‘Our home is almost unrecognisable from the small, three-bedroom semi we bought back in 2002,’ says Dionne.
‘We had big plans for the modest house but we also had the sense to acknowledge that it wasn’t possible for us to do it all in one go. It’s a cliché, but we really could see its potential.
There was room at the side and back to extend, with a good-sized garden to prevent it from looking out of proportion.’
- The owners: Dionne Mayes lives here with her husband Andy, a fireman, and sons Joby, 22, Louis, 16, Alfie, 13, and Frankie, 10
- The property: An extended 1930s semi-detached house with five bedrooms
- The location: Stanstead Abbotts, Hertfordshire
- What they spent: The couple’s kitchen project cost around £28,500
Extending the property
Two extensions over a seven-year period created the space they needed, with the interior reconfigured from project to project. ‘We had so many ideas and didn’t want to have to compromise,’ explains Dionne. ‘The answer was to carry out the work in stages so we could get the house exactly how we wanted it.’
The first building phase, back in 2006, included an extension at the back of the house with a kitchen-diner as well as a playroom-cum-den for the Mayes’ sons. In 2010, a side extension created extra bedrooms upstairs and a home office, bathroom and kitchen downstairs. The long-term plan was to turn this into a large utility room and move all the kitchen units in there, using it as a temporary kitchen while the couple saved up to do what they really wanted, which was to knock the old kitchen and playroom into one open-plan family space.
‘The playroom was a great space but as the boys got older they used it much less,’ says Dionne. ‘What I had craved all this time was a lovely big kitchen, with easy access to the garden and where we would have room to all eat together.’
Knocking through the dividing wall
With the structure already in place, this was a relatively straightforward project – all they needed to do was to knock together the two rooms, but Dionne wanted to wait until she could have the kitchen design that she had set her heart on. ‘If you count the original kitchen and the temporary ones during the building phases, this is actually the fourth kitchen I have had in this house,’ she recalls, ‘so I wanted it to be exactly right.’
The couple obtained some quotes from local builders, and in 2012 the refurbishment began. The dividing wall was knocked down and the walls in the previous kitchen space, where all the old cabinets had been fixed, were re-plastered. Apart from that, the space was in good shape, and as she had been planning the design for so long, Dionne had already decided on the kind of look she was after for the new kitchen. She admits that living in the house during all the building work was hard, but it gave them a good insight into what worked and what didn’t.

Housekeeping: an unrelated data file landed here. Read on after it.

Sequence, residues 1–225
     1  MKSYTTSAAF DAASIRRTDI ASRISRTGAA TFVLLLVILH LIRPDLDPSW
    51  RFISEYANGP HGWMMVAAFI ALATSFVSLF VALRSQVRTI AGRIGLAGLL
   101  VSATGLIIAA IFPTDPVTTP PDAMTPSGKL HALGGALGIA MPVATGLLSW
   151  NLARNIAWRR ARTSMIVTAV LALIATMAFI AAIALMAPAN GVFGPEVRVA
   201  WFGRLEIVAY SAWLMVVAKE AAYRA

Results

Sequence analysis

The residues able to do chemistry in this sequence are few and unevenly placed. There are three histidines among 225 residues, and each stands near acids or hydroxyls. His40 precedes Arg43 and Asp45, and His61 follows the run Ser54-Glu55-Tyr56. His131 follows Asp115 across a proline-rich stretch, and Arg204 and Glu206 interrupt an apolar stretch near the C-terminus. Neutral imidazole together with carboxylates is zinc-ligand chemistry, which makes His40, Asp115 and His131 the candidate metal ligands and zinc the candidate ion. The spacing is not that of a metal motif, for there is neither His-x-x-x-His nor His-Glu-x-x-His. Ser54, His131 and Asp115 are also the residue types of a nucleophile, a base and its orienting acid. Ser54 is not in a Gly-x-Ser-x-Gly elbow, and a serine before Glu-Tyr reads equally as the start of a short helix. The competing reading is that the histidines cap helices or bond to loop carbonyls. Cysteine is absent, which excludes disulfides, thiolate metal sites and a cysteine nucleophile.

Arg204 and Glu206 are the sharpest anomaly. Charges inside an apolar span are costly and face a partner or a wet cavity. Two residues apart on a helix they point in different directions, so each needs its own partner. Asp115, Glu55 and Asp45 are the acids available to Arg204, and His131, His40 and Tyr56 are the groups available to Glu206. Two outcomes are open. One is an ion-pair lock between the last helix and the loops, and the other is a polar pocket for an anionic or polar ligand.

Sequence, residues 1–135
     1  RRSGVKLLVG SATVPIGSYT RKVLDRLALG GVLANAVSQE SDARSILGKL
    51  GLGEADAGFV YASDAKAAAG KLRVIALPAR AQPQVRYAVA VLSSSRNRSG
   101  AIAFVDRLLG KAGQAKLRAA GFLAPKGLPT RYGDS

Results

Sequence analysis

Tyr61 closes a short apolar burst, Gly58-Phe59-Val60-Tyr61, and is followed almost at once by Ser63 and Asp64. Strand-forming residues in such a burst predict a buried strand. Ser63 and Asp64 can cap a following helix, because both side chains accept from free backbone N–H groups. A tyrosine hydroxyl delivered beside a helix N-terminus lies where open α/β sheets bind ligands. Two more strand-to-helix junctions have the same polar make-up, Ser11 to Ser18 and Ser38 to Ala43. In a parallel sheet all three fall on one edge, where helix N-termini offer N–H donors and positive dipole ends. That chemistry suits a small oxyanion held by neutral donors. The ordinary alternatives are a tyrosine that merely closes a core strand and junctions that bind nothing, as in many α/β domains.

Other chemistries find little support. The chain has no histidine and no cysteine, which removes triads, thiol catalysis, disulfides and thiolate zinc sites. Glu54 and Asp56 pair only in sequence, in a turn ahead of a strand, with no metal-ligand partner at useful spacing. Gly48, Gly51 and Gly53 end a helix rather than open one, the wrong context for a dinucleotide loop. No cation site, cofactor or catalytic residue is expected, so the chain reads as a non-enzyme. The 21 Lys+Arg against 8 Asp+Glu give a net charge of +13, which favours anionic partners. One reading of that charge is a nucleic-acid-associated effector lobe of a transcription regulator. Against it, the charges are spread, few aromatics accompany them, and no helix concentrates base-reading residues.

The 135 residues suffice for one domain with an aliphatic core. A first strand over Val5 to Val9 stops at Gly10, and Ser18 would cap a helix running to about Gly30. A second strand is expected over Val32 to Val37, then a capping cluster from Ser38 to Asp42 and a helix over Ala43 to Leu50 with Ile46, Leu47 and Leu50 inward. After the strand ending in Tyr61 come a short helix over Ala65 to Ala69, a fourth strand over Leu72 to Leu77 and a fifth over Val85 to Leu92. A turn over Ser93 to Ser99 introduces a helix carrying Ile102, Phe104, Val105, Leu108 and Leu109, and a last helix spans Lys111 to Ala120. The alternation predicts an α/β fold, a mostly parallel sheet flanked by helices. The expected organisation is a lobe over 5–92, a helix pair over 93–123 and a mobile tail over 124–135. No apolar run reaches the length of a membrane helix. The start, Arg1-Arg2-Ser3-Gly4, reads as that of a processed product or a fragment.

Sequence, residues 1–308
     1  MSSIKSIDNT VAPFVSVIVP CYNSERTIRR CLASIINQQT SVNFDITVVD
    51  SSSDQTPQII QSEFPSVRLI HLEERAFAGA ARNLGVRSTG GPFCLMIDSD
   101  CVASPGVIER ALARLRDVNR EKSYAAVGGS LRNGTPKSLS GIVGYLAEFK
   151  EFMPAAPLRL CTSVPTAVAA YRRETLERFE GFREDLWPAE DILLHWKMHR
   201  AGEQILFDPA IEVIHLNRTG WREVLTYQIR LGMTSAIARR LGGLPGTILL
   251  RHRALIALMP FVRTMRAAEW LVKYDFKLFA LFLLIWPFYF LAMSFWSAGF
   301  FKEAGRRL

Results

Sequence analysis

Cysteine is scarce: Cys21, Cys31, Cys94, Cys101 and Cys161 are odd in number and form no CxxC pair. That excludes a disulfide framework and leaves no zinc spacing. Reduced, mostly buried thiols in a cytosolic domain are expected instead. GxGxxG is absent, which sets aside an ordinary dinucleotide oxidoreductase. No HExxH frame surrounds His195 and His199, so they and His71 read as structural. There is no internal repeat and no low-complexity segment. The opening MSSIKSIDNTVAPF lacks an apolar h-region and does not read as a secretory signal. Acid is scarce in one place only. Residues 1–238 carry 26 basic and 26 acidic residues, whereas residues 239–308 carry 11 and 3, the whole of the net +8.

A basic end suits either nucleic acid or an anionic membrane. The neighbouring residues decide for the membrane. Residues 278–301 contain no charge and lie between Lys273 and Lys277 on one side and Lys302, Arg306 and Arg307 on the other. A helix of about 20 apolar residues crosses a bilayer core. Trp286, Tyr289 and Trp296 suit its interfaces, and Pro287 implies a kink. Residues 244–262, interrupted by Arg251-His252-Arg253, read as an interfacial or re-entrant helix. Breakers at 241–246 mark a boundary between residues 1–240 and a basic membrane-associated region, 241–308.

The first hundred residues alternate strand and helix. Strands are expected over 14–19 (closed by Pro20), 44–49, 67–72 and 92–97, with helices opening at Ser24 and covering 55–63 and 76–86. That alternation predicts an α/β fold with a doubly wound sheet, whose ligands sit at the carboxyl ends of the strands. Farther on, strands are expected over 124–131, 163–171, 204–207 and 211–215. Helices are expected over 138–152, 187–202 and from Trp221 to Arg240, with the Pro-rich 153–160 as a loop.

Building bespoke units
‘I wanted bespoke cabinetry that looked like pieces of furniture with a freestanding feel, rather than regular off-the-shelf kitchen units, and in a neutral colour that wasn’t cream,’ Dionne explains. ‘We met up with Adam Wright, from local building company Wrightway Building Services, and I drew him some sketches of what I was looking for.’
Adam built the bespoke units, curving the edges to give a nod to the 1930s style of the house, and Dionne chose a paint shade reminiscent of old white limewash for the cabinetry. The thickset oak work surfaces add a modern country feel to the scheme, and matching oversized ‘mushroom’ handles complete the look.
The couple considered adding glass splashbacks but thought they would look too modern, and this would also have taken them over budget. Instead, they installed painted tongue-and-groove panelling to co-ordinate with the cabinetry, and it was also fitted in the dining area. ‘Our house is always full at dinner time – usually with the boys’ school friends, who come over for tea,’ says Dionne. ‘The kitchen is so easy to keep clean, which is particularly good around the dining table.’
Creating a focal point
With such a big space to fill, Dionne wanted the kitchen to have a central focal point, so Adam designed a shelf unit to house an extractor hood above the range cooker. This, together with the wall units, has had integrated task lighting fitted underneath, which gives the room a subtle glow when the main lights are turned off or dimmed in the evening.
The living area is part of a two-storey extension, but the kitchen, in place of the old playroom, is a single storey with a sloping roof. When the work was being carried out, Dionne asked her builder to remodel the ceiling to echo the angle of the roofline above, to add character and define the different areas. She also asked him to fit a skylight window, as she was concerned that the dining area at the back might be a little on the dark side. ‘Just raising the ceiling made a huge difference, but once the skylight went in, the room was flooded with light,’ she says.
Sitting between the two sets of French doors, the peninsula unit houses a built-in TV on one side, with a ceramic sink on the other. The couple were concerned about fitting a sink into a wooden surface, and so chose a design with a ledge and tap holes so the taps wouldn’t have to be mounted directly onto the wood. This is also a good spot for placing dishcloths and soap so that they are not in contact with the wood.
‘I love the work surfaces but we do have to look after them,’ Dionne explains. ‘I make sure the area around the sink stays dry, and we sand down and oil them a couple of times a year – they really have become more beautiful with age.’
While she had to wait a long time for her dream kitchen, Dionne says that she wouldn’t change a thing. ‘I love being in here,’ she smiles. ‘The space has a wonderful warm, homely feel and the sofa is big enough for us all to pile onto it to watch a movie and enjoy some family time together.’
|Cabinetry and work surfaces||£14,000|
|Sink and taps||£1,000|